Other online communities allow a wide variety of professionals to come together to share thoughts, ideas and theories.
It has been argued that the technical aspects of online communities, such as whether pages can be created and edited by many, as is the case with wikis including Wikipedia, or whether only certain users can post entries and edit them, as is the case with most blogs, can place online communities into stylistic categories.People may also join online communities through video games, blogs and virtual worlds.Constance Elise Porter from the University of Notre Dame in a paper entitled A Typology of Virtual Communities: A Multi-Disciplinary Foundation for Future Research offers this definition: "a virtual community is defined as an aggregation of individuals or business partners who interact around a shared interest, where the interaction is at least partially supported and/or mediated by technology and guided by some protocols or norms." The idea of a community is not a new concept.Online activity by fans seem to have had a noticeable influence on the plot and direction of the season opening episode.Mark Lawson of The Guardian recounts how fans have, to a degree, directed the outcome of the events of the episode.Many researchers have used ethnography to attempt to understand what people do in online spaces, how they express themselves, what motivates them, how they govern themselves, what attracts them, and why some people prefer to observe rather than participate.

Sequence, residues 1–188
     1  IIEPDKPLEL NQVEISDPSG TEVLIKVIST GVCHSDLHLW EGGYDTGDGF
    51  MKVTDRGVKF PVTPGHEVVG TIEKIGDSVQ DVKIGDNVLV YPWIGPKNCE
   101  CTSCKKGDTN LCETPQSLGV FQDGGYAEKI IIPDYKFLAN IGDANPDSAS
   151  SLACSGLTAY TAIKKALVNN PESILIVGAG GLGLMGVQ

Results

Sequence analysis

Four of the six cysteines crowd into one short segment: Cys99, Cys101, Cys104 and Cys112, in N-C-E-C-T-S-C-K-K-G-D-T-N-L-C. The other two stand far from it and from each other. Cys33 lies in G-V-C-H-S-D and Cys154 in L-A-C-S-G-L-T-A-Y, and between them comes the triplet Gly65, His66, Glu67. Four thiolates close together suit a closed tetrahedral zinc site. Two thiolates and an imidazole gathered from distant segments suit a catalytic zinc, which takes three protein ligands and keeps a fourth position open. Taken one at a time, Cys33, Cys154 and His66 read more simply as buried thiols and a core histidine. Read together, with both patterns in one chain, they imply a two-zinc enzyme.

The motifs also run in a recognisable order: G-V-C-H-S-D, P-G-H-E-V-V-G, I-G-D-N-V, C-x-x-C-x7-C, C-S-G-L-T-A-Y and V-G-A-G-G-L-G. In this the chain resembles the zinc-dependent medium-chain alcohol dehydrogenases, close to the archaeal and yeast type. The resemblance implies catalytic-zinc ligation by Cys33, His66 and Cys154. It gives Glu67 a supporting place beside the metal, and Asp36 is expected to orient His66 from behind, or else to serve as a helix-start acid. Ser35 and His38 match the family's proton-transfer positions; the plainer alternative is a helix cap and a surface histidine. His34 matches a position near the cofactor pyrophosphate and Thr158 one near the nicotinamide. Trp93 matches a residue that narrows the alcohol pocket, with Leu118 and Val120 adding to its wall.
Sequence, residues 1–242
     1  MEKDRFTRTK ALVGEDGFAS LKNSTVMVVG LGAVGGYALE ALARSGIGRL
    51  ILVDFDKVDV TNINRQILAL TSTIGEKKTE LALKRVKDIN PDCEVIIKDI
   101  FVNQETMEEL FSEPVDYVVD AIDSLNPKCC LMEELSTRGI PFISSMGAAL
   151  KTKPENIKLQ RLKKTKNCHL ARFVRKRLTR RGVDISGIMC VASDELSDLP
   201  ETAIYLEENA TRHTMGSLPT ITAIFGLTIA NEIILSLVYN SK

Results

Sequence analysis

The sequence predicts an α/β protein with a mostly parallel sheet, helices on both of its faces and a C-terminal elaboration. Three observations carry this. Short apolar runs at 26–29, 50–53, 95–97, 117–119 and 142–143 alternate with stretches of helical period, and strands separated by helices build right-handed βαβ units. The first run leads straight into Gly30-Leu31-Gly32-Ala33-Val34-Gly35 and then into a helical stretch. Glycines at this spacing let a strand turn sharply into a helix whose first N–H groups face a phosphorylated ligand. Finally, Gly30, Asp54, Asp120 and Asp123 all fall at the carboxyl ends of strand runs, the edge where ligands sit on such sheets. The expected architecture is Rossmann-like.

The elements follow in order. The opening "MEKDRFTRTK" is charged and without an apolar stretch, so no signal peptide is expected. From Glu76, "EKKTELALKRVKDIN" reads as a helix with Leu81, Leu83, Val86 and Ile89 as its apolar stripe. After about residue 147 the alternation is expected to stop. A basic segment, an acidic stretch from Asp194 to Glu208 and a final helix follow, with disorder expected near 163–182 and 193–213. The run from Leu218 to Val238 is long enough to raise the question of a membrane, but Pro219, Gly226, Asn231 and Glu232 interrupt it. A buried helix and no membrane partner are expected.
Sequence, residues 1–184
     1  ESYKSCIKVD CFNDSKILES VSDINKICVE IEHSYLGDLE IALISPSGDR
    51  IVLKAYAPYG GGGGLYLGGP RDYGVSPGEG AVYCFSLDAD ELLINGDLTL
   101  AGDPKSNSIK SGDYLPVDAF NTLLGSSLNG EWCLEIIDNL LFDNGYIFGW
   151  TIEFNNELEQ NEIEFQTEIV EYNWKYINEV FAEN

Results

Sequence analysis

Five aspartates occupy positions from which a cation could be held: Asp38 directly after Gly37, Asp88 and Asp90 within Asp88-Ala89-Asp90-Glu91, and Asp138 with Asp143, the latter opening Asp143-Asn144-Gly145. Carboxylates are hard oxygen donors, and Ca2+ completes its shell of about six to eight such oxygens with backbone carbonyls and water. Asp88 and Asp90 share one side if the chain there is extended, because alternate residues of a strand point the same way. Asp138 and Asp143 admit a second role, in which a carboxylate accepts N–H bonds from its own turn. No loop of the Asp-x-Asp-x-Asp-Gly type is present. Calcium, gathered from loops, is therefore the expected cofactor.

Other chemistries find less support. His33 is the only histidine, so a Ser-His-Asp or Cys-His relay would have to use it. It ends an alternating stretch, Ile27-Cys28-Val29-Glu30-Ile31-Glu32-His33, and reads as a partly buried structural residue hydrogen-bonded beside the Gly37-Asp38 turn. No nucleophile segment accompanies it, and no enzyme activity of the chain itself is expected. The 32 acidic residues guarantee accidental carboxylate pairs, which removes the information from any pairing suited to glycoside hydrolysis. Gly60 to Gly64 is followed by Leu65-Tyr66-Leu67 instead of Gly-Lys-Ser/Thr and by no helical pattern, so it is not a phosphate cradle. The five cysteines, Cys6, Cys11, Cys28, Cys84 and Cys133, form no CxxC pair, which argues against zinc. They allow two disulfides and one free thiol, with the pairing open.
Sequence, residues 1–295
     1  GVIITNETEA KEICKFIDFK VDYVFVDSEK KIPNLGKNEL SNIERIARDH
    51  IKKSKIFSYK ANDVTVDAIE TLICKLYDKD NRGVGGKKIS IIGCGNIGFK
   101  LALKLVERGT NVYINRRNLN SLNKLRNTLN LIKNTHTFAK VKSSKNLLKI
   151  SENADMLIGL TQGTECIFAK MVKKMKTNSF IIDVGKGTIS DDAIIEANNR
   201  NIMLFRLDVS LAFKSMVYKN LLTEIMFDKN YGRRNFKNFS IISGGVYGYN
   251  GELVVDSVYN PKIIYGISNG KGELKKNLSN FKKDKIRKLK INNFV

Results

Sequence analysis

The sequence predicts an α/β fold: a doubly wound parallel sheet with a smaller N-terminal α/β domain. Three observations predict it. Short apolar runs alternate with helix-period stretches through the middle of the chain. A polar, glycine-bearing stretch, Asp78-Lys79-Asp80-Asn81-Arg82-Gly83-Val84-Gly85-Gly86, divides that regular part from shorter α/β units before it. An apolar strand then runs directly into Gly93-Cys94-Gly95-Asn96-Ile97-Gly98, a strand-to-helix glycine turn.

There is a set of values known as netiquette (or Internet etiquette) to consider as an online community develops.
Some of these values include: opportunity, education, culture, democracy, human services, equality within the economy, information, sustainability, and communication.
Online communities may be used as calendars to keep up with events such as upcoming gatherings or sporting events. Many online communities relating to health care help inform, advise and support patients and their families.
What makes these communities bond is "love" of something as demonstrated by members who go out of their way to help without any financial interest.
A 2001 Mc Kinsey & Company study showed that only 2% of transaction site customers returned after their first purchase, while 60% of new online communities users began using and visiting the sites regularly after their first experiences.
On the telephone, in ham radio and in the online world, social interactions no longer have to be based on proximity; instead they can literally be with anyone anywhere.